Manufacturing output stagnates despite marginal rise in April new orders: PMI

TORONTO—The RBC Canadian Manufacturing Purchasing Managers’ Index (RBC PMI) suggests that the Canadian manufacturing sector stagnated in April—an improvement from the contraction observed in March. A monthly survey, conducted in association with Markit, a global financial information services company, and PMAC, the index offers an early indicator of trends in the Canadian manufacturing sector.
The headline RBC PMI—a composite indicator designed to provide a single-figure snapshot of the health of the manufacturing sector—registered 50.1 in April and, posting only slightly above the 50 no-change mark, signalled broadly no change in overall manufacturing business conditions. However, the PMI nonetheless rose from a survey-low of 49.3 in March, which was consistent with a modest deterioration in operating conditions.
The RBC PMI found that manufacturing output levels in April were largely the same as March, despite the volume of new orders having increased, albeit only marginally. Employment was also little-changed, seeing only a slight rise in staff numbers since March. On the price front, the rates of increase for both input costs and output charges eased, with the rate of input price inflation, in particular, the slowest in nine months.
“Despite the RBC PMI rising from a survey low in March, it was much weaker than the series average and suggests that the Canadian manufacturing sector stagnated in April,” said Cheryl Paradowski, president and CEO, PMAC. “A return to growth for new orders, partly reflecting a modest rise in new export work, may lead to an increase in production over the coming months. In the meantime, manufacturers’ profitability is protected to some extent by output charges rising at a faster rate than input costs.”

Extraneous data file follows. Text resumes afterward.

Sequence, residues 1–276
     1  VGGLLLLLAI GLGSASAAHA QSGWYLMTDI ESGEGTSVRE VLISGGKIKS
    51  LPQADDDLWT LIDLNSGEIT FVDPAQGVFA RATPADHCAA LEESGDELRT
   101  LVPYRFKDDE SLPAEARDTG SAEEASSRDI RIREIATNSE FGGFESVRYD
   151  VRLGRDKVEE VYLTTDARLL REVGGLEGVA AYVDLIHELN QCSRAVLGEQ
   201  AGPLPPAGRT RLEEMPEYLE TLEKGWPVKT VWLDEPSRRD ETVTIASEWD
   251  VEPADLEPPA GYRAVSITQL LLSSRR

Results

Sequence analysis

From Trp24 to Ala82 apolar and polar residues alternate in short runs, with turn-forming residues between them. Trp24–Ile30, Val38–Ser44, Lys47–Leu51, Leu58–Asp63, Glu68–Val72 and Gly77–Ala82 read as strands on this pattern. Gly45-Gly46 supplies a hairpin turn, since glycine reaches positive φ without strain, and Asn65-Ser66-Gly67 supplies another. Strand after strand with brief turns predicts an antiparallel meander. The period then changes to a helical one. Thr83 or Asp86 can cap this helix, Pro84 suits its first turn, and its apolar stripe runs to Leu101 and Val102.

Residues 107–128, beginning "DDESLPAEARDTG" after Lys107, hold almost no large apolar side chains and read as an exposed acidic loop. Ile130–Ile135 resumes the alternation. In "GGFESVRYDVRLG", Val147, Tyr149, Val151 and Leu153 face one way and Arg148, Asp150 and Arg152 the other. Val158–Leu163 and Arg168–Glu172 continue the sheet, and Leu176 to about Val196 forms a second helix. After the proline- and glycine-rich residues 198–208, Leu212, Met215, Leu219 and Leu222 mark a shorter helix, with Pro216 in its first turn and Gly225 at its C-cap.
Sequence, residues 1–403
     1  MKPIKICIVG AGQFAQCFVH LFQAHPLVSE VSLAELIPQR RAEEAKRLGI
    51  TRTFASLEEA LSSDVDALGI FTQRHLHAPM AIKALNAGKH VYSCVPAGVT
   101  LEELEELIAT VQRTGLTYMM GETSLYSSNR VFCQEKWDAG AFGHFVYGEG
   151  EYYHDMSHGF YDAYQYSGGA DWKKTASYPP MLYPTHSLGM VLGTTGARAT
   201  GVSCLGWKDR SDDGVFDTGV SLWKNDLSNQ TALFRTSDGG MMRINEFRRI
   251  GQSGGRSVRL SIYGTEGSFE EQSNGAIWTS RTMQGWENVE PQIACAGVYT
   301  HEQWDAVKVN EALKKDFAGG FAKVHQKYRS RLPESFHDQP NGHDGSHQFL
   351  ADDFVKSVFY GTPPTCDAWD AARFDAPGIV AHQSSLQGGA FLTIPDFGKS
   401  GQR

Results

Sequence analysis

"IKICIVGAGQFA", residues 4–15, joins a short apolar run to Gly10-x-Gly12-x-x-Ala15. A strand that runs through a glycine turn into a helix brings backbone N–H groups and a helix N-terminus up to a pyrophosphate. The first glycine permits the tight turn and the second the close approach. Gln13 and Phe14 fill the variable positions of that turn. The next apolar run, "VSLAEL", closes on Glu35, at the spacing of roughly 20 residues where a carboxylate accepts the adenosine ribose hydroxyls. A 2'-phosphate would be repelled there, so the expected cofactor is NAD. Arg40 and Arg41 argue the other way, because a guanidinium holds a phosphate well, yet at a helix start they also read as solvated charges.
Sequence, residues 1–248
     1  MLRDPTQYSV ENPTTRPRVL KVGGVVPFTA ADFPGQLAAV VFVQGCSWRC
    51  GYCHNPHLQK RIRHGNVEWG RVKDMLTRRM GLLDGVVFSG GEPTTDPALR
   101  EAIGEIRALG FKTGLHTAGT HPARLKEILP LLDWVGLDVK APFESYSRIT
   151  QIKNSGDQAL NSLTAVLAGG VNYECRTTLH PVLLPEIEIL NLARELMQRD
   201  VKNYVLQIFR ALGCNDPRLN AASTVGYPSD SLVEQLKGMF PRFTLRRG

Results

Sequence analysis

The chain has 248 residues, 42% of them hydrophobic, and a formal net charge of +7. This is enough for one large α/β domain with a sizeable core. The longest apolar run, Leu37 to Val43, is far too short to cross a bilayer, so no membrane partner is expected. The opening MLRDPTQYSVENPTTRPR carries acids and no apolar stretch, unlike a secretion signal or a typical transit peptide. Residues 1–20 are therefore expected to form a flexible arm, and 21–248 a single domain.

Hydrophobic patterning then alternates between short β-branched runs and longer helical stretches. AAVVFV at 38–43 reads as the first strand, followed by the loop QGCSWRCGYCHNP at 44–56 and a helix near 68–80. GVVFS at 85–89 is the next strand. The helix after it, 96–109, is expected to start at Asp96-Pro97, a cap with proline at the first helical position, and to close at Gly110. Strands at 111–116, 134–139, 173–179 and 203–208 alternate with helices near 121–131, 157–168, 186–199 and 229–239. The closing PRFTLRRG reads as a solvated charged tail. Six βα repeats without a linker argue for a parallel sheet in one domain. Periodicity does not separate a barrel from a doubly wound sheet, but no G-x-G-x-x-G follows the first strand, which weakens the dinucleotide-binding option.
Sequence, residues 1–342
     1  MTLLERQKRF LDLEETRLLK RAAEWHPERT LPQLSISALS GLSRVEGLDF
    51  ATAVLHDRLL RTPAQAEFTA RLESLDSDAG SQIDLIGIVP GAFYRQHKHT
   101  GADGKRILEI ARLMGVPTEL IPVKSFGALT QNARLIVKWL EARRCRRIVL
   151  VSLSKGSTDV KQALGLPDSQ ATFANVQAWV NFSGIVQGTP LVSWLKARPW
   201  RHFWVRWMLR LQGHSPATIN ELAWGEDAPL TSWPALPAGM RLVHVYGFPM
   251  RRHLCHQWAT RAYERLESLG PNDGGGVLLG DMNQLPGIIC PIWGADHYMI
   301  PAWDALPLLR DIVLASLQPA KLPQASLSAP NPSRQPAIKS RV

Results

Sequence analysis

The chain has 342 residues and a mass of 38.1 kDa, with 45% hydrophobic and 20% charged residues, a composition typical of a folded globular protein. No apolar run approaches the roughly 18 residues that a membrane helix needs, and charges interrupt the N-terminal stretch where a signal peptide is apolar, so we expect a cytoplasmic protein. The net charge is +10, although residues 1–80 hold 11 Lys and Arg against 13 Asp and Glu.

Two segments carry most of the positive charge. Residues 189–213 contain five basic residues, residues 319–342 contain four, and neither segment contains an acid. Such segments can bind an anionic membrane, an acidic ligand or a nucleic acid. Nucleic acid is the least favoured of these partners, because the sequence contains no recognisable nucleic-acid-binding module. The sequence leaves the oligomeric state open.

The headline RBC PMI reflects changes in output, new orders, employment, inventories, prices and supplier delivery times. Key findings from the April survey include:

  • Output levels largely unchanged in April, following a reduction in March;
  • marginal rise in total new work; and
  • slowest rate of input price inflation since July 2012.

Incoming new work at Canadian manufacturers increased in April, with firms generally linking this to greater demand. Although the rate of growth was only marginal and weaker than the series average, it was nonetheless in contrast with a reduction in March. Overall, the rise in total new work also reflected larger volumes of new export orders, which rose at the strongest rate in six months during April.
Despite higher new order requirements, production levels were largely the same as one month previously. The stagnant output trend in April nevertheless follows a decline in March. Meanwhile, stocks of finished goods were accumulated for the first time in 2013 to date, albeit marginally, and backlogs of work continued to fall for the seventh consecutive month.
The quantity of inputs bought by manufacturers was also broadly the same as in the previous survey period, rising only fractionally over the month. Stocks of purchases, meanwhile, were depleted for the sixth consecutive month in April, and at the joint-fastest rate since January 2012.
Suppliers’ delivery times continued to lengthen in April, with approximately seven percent of panellists reporting a deterioration in vendor performance. That said, the latest increase in lead times was the weakest since last December.
After adjusting for seasonal variation, manufacturing employment in Canada was largely unchanged in April. The corresponding index fell further from February’s four-month peak and was the second-lowest since data collection began in October 2010.
In April, manufacturers reported the weakest rise in cost burdens since July 2012. The modest increase in costs nonetheless partly reflected higher prices for raw materials, packaging and transportation. Firms passed on greater costs to clients by raising their selling prices. Output charges rose at a rate in line with the series average that was also stronger than the increase in input prices.
Regional highlights include:

  • Solid falls in manufacturing output were recorded for Alberta and British Columbia and Ontario.
  • Following a deterioration in March, manufacturing business conditions in Quebec improved during April.
  • Manufacturers in Quebec saw the strongest rise in new export work in April.
  • Employment growth was recorded in two of the four regions, with the strongest increase posted in Quebec.